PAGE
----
Week Three: The week of marketing (without any marketing).

So week 3: it was kind of all over the shop. This was supposed to be the week that I launched TodoBot. But that didn’t happen - so what did I do instead?

Learning about marketing (but not doing any)

I started learning about marketing. I read most of Marketing for Developers by Justin Jackson. The book is perfectly targeted towards people like me, and I loved it.

One highlight was this bit on choosing what product to build.

”Does this pain need morphine, aspirin, or a vitamin?”

As a founder, you are trying to solve a customer’s problem, and an important factor is how much pain the problem is causing them. TodoBot is definitely towards the vitamin/aspirin end.

Following the advice of this book, I signed up for a bunch of marketing tools (Fathom, Segment, Mailchimp), and started integrating them with TodoBot. You’ll see a beautful newsletter signup form at the bottom of this post 👇.

The next thing

I did do more research into future product ideas, and I now have a spreadsheet with a growing list. Some highlights:

  • I have a generative art AI idea that I think is pretty compelling. I think it’s kind of on the cusp of what’s possible with current technology (ie it’s not quite possible). I’m hoping to start work on it within the next 6 months (when the state of the art will doubtless have moved on quite a bit).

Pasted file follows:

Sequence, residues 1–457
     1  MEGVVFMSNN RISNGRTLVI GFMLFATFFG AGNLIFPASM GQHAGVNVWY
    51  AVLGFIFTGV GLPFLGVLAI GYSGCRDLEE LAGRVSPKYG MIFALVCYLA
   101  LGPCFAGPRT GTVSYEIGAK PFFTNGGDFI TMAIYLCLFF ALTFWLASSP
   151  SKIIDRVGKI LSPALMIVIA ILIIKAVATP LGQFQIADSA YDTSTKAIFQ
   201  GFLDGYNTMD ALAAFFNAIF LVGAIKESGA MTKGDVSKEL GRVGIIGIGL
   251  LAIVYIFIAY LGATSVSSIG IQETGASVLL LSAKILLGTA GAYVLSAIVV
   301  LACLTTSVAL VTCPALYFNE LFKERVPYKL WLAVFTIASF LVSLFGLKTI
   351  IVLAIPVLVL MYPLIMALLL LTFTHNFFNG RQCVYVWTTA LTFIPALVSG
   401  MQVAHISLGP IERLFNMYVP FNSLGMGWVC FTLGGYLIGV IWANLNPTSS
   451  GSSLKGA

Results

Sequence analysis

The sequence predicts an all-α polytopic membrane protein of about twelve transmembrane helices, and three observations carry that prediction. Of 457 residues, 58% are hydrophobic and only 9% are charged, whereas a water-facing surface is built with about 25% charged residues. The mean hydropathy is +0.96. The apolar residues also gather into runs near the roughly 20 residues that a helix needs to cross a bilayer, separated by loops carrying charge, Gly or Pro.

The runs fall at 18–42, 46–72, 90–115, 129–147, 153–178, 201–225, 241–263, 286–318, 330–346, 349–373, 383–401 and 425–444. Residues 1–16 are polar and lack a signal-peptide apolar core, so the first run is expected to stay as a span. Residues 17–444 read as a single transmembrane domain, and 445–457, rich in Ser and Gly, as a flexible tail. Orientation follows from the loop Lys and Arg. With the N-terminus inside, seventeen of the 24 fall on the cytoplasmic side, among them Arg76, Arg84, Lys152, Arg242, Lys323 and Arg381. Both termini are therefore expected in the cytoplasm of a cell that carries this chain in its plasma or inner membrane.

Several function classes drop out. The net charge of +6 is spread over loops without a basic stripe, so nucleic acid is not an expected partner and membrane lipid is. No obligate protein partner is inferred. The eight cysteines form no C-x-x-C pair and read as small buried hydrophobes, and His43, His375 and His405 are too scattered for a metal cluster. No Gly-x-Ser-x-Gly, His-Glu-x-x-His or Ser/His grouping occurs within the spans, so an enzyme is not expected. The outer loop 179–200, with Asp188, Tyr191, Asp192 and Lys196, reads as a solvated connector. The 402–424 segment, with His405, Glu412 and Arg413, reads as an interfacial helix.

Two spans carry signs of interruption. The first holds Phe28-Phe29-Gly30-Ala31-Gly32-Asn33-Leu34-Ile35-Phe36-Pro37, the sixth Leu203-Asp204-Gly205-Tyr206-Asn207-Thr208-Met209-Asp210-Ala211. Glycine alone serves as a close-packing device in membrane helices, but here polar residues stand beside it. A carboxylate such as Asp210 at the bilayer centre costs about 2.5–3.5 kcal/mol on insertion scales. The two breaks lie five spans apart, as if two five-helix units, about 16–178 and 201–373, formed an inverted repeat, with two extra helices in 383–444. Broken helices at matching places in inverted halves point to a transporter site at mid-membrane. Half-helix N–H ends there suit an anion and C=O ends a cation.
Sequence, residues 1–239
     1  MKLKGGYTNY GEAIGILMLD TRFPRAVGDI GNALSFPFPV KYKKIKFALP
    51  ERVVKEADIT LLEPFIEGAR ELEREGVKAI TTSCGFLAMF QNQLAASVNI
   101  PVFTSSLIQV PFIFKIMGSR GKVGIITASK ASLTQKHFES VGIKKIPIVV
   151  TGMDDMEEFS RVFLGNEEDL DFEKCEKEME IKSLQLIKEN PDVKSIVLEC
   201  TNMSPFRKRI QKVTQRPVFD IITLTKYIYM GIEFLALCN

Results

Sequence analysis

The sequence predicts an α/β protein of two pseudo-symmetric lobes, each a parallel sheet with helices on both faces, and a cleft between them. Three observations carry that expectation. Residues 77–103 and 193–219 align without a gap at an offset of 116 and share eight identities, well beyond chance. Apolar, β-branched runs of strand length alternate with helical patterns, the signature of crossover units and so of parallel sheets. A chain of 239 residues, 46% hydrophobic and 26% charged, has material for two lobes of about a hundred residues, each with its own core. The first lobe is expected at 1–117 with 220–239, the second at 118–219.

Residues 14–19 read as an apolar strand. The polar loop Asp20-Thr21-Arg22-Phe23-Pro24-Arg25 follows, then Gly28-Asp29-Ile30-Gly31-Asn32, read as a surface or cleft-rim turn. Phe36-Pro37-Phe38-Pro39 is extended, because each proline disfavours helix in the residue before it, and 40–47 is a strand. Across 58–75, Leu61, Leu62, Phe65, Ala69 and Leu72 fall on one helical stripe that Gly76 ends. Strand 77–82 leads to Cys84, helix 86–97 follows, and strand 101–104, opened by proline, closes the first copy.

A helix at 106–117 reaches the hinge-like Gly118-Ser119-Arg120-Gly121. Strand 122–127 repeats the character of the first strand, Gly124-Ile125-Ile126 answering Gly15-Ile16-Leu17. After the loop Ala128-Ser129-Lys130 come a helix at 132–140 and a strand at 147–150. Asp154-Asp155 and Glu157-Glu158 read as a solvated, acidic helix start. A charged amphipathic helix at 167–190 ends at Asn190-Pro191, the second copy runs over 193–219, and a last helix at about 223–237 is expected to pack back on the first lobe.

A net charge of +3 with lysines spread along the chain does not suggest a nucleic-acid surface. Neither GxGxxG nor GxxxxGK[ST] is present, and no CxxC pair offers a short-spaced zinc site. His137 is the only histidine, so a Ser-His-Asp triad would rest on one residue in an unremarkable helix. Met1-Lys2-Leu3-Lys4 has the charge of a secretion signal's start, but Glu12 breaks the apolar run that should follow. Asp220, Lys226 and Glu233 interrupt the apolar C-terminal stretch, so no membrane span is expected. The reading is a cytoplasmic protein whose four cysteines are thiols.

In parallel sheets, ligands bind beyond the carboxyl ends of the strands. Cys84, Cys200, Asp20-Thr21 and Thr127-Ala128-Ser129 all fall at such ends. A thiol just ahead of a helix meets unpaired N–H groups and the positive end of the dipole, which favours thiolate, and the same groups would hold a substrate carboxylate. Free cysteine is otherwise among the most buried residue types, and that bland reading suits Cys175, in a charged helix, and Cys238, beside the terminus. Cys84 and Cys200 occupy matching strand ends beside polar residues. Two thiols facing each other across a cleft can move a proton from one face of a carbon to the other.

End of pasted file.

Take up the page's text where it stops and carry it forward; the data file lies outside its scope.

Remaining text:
• I also have a (less ambitious) idea that I think I’m going to start work on next month. More on that next week.


So why didn’t I “launch” the product? I guess my sense throughout the week was that it wasn’t really ready yet, so I spent more time improving it.

What TodoBot look like today

I think building an app like this actually has quite a high bar of polish. A todo list is such a generic product, that it kind of needs to do something slightly different for anyone to give it more than a seconds glance. I guess at the start of the month I thought that this might be a product that people could end up paying for, and I’ve grown pretty confident that’s not the case.

My plan is to keep it free to use, use it myself, and keep making small tweaks over the next year. Who knows, maybe at some point I’ll feel it’s ready to push a bit more. Overall I think it’s been a good first product, it’s given me the opportunity to learn some new technologies, and highlighted how I need to approach product development differently. Next week’s blog will include a bit more of a deep-dive on lessons learnt from Month One.

See you next week!

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